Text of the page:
Yet our response to Putin’s aggression will have a far-reaching effect, which could mirror that of the post–World War II era. Transatlantic unity, witnessed by combined economic sanctions and a higher-funded NATO, which will include Finland and Sweden, have no doubt confounded Putin. Importantly, Europe is accelerating its historic energy transformation from a reliance on Russian oil and gas, while advancing to non-fossil-based energy.
The outcome of this war remains uncertain. In the final analysis, Ukraine’s sovereign decision must dictate the result. One thing is certain from a global perspective: Russia has already lost.
Bill Keating represents Massachusetts’ Ninth Congressional District. He is a senior member of the House of Representatives, sitting on both the Foreign Affairs and Armed Services committees. He currently serves as chair of the Europe, Eurasia, Energy, and Environment subcommittee of the House Foreign Affairs Committee.
Ukraine and the Future of Democracies in the 21st Century
Leon E. Panetta
After months of bloody warfare in Ukraine, it is becoming clear that a difficult and prolonged war of attrition could result in dangerous or disappointing consequences or a successful defense of democracy—either way, it will have a pivotal impact on the course of history.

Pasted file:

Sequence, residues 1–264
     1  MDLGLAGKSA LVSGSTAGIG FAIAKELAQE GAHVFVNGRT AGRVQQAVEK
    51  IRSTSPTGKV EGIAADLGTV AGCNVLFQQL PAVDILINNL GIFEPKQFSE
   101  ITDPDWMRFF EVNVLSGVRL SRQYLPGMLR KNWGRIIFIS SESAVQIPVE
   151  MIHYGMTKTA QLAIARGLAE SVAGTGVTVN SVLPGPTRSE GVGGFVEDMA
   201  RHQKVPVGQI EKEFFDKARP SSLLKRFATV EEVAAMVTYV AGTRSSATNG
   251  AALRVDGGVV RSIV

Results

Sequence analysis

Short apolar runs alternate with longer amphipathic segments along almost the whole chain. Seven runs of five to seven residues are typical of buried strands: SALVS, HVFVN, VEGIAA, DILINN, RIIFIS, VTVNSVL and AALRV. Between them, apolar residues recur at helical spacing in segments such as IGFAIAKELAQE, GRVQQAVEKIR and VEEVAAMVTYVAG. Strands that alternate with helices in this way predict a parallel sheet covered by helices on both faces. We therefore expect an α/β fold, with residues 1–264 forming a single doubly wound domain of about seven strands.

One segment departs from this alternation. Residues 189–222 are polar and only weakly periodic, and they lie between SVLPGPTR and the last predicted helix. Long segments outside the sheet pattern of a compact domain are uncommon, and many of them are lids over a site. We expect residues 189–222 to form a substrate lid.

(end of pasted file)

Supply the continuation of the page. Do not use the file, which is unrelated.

What path is taken will be decided by whether Ukrainian, US, and NATO leaders remain resolute, unified, and patient.
Growing frustration on both sides of this war could force greater risks that could escalate an already-dangerous war. That same frustration could also produce a less-than-satisfactory settlement of the conflict that would leave a neutral but divided Ukraine vulnerable to a weakened Putin.
Just as a long war of attrition and failed diplomacy defined World War I and the struggle for power in the 20th century, what ultimately happens in Ukraine could well define the struggle between autocracy and democracy for the rest of the 21st century.